If the bloody debacle in Iraq should have taught Americans anything, it is that endorsements by lots of important people who think something is true don't amount to evidence that it actually is true. If endorsements were the same as evidence, U.S. troops would have found tons of WMD in Iraq, rather than come up empty.
Russian President Vladimir Putin meets with U.S. President Donald Trump at the G-20 summit in Hamburg, Germany, on July 7, 2017. (Screen shot from Whitehouse.gov)
So, when it comes to whether or not Russia "hacked" Democratic emails last year and slipped them to WikiLeaks, just because a bunch of people with fancy titles think the Russians are guilty doesn't compensate for the lack of evidence so far evinced to support this core charge.
But the reaction of Official Washington and the U.S. mainstream media to President Trump saying that Russian President Vladimir Putin seemed sincere in denying Russian "meddling" was sputtering outrage: How could Trump doubt what so many important people think is true?
Yet, if the case were all that strong that Russia did "hack" the emails, you would have expected a straightforward explication of the evidence rather than a demonstration of a full-blown groupthink, but what we got this weekend was all groupthink and no evidence.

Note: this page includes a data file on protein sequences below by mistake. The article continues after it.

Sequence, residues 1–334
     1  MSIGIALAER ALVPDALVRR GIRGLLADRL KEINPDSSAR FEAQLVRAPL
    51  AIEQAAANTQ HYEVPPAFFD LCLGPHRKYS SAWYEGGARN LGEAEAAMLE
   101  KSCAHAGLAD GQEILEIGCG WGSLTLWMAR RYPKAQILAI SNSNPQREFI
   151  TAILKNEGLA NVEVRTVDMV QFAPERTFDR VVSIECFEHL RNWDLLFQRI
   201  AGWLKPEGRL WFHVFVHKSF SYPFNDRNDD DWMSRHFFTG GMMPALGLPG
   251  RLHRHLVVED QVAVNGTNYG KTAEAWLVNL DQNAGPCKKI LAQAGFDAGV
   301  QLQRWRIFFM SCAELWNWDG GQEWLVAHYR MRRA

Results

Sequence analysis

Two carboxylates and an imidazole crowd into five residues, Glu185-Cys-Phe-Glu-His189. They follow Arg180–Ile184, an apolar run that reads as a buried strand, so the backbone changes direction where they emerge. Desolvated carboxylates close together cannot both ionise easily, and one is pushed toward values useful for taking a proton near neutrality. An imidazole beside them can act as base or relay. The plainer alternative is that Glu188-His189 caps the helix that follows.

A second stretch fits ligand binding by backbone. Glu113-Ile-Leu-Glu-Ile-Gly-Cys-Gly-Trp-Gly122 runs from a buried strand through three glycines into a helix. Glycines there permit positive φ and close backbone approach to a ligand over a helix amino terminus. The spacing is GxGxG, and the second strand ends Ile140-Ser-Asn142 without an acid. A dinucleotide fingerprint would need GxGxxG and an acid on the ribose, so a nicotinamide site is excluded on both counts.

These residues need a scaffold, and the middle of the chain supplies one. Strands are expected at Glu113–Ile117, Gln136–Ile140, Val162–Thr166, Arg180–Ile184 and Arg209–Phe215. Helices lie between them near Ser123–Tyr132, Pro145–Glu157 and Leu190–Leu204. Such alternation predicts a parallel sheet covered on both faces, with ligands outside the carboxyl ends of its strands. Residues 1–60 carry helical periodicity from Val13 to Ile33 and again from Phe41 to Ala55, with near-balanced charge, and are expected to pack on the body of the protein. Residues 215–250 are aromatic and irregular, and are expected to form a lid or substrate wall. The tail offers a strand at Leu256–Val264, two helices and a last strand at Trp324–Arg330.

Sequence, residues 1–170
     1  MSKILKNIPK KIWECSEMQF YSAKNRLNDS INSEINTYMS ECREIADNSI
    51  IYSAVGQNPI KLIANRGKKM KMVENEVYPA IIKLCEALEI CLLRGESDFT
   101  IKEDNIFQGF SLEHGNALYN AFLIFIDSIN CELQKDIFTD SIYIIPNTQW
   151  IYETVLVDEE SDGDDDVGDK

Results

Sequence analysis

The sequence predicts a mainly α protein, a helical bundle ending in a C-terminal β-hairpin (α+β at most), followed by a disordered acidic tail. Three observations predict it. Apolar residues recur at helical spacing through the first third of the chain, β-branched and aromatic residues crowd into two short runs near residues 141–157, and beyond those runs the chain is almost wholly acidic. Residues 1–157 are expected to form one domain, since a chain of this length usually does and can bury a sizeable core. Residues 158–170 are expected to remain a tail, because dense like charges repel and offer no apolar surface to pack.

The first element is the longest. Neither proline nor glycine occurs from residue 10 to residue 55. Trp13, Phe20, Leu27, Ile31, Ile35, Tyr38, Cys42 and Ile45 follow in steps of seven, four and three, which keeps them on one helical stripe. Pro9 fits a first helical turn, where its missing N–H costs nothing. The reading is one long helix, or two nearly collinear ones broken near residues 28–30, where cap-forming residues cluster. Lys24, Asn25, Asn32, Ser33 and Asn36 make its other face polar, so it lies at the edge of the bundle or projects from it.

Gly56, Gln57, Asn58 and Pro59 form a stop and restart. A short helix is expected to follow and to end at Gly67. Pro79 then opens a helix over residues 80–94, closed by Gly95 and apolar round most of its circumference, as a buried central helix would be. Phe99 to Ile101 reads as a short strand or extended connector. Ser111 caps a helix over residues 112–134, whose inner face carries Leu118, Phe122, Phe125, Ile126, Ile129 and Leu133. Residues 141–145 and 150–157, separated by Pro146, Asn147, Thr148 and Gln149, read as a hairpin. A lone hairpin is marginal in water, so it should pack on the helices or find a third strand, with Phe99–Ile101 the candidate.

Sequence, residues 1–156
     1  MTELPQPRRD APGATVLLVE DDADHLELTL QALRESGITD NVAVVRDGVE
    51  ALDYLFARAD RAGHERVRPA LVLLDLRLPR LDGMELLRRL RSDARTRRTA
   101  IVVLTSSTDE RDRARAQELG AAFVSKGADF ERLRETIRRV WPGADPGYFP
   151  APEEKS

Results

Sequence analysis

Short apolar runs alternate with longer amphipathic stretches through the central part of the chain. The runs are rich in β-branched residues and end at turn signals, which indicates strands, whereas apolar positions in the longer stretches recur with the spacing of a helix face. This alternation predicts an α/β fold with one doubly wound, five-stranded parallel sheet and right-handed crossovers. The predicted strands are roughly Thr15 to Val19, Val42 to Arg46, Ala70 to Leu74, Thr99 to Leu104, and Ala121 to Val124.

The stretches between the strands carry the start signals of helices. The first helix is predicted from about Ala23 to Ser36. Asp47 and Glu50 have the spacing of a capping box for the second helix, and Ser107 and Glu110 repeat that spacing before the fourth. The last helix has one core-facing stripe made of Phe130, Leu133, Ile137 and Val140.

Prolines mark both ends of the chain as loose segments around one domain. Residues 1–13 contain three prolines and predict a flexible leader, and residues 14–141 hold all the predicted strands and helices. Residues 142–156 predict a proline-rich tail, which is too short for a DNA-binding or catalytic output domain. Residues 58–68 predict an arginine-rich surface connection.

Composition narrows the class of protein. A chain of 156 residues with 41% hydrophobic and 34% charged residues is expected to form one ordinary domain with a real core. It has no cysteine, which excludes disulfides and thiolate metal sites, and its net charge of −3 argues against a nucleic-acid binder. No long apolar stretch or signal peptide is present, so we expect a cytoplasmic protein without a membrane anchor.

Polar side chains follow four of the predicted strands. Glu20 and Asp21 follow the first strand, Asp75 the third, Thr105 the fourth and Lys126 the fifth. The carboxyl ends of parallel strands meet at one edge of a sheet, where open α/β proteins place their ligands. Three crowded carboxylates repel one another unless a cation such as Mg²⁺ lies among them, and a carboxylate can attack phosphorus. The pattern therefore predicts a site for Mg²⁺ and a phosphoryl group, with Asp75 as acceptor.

For instance, on Saturday, CNN responded to Trump's comment that Putin seems to "mean it" when he denied meddling by running a list of important Americans who had endorsed the Russian-guilt verdict. Other U.S. news outlets and politicians followed the same pattern.
Rep. Adam Schiff of California, the ranking Democrat on the House Intelligence Committee and a big promoter of the Russia-gate allegations, scoffed at what Trump said: "You believe a foreign adversary over your own intelligence agencies?"
The Washington Post's headline sitting atop Sunday's lede article read: "Trump says Putin sincere in denial of Russian meddling: Critics call that 'unconscionable.'"
Sen. Mark Warner of Virginia, the ranking Democrat on the Senate Intelligence Committee and another Russia-gate sparkplug, said he was left "completely speechless" by Trump's willingness to take Putin's word "over the conclusions of our own combined intelligence community."
Which gets us back to the Jan. 6 "Intelligence Community Assessment" and its stunning lack of evidence in support of its Russian guilty verdict. The ICA even admitted as much, that it wasn't asserting Russian guilt as fact but rather as opinion:
"Judgments are not intended to imply that we have proof that shows something to be a fact. Assessments are based on collected information, which is often incomplete or fragmentary, as well as logic, argumentation, and precedents."
Even The New York Times, which has led the media groupthink on Russian guilt, initially published the surprised reaction from correspondent Scott Shane who wrote: "What is missing from the public report is what many Americans most eagerly anticipated: hard evidence to back up the agencies' claims that the Russian government engineered the election attack. … Instead, the message from the agencies essentially amounts to 'trust us.'"
In other words, the ICA was not a disposition of fact; it was guesswork, possibly understandable guesswork, but guesswork nonetheless. And guesswork should be open to debate.